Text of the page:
Vandals destroyed a large cross that stood iconically over a Riverside, Calif., community since the 1960s. It was a symbol that one local woman said brought her "relief" in times of stress, and its destruction left many neighbors angry, sad and confused.
Irene Vasquez, CBS-LA reported Friday, was close to tears just thinking about the cross she once looked to. She frequently hikes to the top of the mountain, where the memorial once stood in still reverence, to remember her son and parents, who have passed away.
"I just felt a relief of stress, and I would just look over at everything and just think about my parents and my son and just say, 'They're up here with me,'" she said.
But the beloved landmark is no more.
"We've lived here for 33 years. It's been up there the whole time," Nancy Lacey told CBS-LA. "It's a landmark. It needs to be there."
The cross was first erected in the 1960s on the hill just beyond the Divine Word Retreat Center.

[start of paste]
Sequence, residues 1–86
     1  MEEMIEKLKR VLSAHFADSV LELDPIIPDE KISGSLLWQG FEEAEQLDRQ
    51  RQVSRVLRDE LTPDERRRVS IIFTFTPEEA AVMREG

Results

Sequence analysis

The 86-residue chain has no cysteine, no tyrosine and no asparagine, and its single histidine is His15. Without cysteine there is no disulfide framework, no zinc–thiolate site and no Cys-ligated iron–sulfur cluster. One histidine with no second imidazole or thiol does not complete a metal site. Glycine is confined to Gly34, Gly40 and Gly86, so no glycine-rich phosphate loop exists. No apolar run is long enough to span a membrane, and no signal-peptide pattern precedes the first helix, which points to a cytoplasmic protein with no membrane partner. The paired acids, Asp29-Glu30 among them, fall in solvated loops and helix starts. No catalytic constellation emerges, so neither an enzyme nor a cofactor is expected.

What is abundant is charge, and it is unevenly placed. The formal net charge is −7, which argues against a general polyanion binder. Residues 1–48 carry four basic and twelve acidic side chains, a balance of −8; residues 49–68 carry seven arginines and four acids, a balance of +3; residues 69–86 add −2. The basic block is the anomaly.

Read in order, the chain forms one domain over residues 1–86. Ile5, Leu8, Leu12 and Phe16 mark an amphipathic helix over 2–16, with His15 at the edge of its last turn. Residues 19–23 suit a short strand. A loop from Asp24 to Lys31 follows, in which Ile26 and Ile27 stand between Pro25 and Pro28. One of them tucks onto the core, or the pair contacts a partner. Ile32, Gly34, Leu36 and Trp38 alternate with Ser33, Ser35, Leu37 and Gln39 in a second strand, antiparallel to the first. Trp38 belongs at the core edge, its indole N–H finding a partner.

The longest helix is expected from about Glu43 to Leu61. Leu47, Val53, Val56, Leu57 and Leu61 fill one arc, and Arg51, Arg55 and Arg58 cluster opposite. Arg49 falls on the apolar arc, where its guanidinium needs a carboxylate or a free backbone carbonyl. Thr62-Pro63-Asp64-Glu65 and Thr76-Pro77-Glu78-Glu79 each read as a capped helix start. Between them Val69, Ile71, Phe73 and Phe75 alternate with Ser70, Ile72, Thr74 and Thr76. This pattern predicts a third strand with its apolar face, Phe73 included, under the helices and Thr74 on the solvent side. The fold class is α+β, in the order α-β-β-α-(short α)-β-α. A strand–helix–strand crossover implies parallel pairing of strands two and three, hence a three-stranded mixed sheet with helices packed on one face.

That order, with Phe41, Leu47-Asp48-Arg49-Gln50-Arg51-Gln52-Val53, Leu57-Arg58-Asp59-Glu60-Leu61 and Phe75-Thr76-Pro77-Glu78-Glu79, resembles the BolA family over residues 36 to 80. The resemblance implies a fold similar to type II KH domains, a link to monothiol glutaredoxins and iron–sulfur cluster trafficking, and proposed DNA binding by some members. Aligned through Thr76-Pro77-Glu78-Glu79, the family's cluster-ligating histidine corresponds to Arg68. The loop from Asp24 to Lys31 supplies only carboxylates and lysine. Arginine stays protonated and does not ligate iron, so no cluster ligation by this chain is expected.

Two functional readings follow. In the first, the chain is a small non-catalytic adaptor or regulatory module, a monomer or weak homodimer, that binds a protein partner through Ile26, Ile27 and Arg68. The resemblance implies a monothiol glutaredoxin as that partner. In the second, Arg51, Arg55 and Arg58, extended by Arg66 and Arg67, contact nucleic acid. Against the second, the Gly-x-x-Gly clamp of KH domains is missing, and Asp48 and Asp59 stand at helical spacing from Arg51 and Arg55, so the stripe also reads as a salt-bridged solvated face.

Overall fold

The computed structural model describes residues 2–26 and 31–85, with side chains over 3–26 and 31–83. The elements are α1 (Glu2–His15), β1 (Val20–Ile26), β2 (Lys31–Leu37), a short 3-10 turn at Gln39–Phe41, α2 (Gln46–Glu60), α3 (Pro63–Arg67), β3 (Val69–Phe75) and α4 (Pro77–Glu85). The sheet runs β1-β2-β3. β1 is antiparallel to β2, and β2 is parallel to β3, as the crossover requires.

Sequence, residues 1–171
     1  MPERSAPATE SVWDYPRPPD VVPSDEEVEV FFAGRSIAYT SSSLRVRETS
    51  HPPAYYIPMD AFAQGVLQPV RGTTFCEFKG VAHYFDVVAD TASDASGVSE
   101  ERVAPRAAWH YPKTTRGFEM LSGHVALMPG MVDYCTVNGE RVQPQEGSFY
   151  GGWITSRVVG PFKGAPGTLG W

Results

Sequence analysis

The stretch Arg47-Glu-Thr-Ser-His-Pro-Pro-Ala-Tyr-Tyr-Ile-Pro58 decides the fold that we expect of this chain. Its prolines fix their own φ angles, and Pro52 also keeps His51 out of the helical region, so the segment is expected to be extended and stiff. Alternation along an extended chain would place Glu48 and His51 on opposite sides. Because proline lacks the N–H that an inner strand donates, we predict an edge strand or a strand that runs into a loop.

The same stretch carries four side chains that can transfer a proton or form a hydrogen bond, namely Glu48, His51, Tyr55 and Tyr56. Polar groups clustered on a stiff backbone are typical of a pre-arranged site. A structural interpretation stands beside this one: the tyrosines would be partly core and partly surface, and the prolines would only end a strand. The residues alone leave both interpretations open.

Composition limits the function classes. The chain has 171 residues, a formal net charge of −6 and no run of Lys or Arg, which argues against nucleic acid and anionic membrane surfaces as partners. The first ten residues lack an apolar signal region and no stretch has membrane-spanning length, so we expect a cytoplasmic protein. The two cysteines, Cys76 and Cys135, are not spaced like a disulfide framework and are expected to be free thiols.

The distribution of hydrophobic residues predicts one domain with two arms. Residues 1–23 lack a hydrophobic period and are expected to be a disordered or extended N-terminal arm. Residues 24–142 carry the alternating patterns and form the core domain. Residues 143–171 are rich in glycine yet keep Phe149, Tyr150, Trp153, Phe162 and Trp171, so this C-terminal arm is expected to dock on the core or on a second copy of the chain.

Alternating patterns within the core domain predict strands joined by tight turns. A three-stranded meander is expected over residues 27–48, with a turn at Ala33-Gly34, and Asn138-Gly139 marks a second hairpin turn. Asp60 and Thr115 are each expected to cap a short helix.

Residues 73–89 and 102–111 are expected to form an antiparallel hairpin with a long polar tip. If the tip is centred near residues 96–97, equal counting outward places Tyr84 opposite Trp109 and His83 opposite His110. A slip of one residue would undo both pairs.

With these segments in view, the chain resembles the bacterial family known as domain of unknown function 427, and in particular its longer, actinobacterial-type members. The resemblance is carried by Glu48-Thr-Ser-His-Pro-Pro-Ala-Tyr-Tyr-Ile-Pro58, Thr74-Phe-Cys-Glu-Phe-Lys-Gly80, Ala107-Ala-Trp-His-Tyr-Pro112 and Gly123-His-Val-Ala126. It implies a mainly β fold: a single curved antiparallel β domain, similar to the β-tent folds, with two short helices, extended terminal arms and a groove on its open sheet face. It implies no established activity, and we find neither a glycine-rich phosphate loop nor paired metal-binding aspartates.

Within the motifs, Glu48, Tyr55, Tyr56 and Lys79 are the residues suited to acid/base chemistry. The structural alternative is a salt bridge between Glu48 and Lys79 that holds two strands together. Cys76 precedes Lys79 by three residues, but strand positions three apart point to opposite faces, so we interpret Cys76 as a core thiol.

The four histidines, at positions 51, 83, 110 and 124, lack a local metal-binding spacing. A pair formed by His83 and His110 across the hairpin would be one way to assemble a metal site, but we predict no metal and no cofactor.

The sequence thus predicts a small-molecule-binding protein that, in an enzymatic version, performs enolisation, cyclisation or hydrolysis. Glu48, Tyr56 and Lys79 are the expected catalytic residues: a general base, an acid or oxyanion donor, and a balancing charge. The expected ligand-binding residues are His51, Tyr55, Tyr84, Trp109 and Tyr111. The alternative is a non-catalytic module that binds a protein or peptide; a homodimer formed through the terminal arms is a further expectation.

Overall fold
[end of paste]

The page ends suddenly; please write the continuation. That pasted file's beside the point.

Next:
At first, many believed the 20-foot cross may have fallen due to gusting winds and a severe storm the night before it was discovered, according to the Press Enterprise. But when Geoffrey Buyco, the center's manager, hiked up to see the damage, he noticed wood chips scattered around the cross's base.
"It's really heartbreaking to go up there and see that cross lying there," Buyco said. "Just thinking about it is — my whole life it’s been up there."
Father Mel Davis, who lives at the center, couldn't understand why someone would cut down the cross.
"It's very sad. I really don't know why someone would need to destroy the religious symbol of anyone else," he said.
And Father Paul Schmidt, who also works at the center, went a step further, describing the cutting as "a real act of violence."
Riverside police say they have not ruled the incident a hate crime, but said they are looking into that possibility, since the memorial is so close to a religious center.
"It's very unfortunate people would hate symbols of religion," Rev. Jose Goopio, who leads the center, told the Press Enterprise. "Father forgive them, for they know not what they do."
In addition to the cross cutting, community members noticed minor graffiti on the center's walls. Employees at the center hope to erect a new cross as soon as possible.
Both Davis and Schmidt said that they hope whoever vandalized the cross will issue a public apology and assist in building a new one.
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